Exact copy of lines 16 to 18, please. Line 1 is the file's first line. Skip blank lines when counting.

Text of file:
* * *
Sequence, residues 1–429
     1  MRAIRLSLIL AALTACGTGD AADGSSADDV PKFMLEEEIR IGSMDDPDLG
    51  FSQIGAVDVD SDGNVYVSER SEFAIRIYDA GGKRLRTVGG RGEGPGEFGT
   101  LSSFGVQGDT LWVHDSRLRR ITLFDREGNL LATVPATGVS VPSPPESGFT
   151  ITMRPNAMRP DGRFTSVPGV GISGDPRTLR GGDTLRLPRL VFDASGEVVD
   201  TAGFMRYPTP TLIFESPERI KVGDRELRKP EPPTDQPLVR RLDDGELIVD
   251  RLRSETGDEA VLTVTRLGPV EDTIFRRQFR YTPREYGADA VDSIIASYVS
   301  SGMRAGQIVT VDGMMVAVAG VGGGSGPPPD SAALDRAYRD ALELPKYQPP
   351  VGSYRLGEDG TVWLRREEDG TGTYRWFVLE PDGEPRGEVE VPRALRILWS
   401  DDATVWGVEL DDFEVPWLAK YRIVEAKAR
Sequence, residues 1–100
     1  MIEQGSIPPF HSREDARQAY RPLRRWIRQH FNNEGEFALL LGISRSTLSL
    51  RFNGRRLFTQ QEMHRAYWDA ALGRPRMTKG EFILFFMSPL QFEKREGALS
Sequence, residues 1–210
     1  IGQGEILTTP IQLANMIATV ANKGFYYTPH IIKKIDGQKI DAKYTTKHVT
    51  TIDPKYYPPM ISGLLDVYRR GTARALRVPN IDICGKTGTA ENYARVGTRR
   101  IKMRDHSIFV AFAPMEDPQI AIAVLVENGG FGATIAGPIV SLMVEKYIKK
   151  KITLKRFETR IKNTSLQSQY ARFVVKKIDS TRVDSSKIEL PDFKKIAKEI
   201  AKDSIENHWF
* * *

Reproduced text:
    51  TIDPKYYPPM ISGLLDVYRR GTARALRVPN IDICGKTGTA ENYARVGTRR
   101  IKMRDHSIFV AFAPMEDPQI AIAVLVENGG FGATIAGPIV SLMVEKYIKK
   151  KITLKRFETR IKNTSLQSQY ARFVVKKIDS TRVDSSKIEL PDFKKIAKEI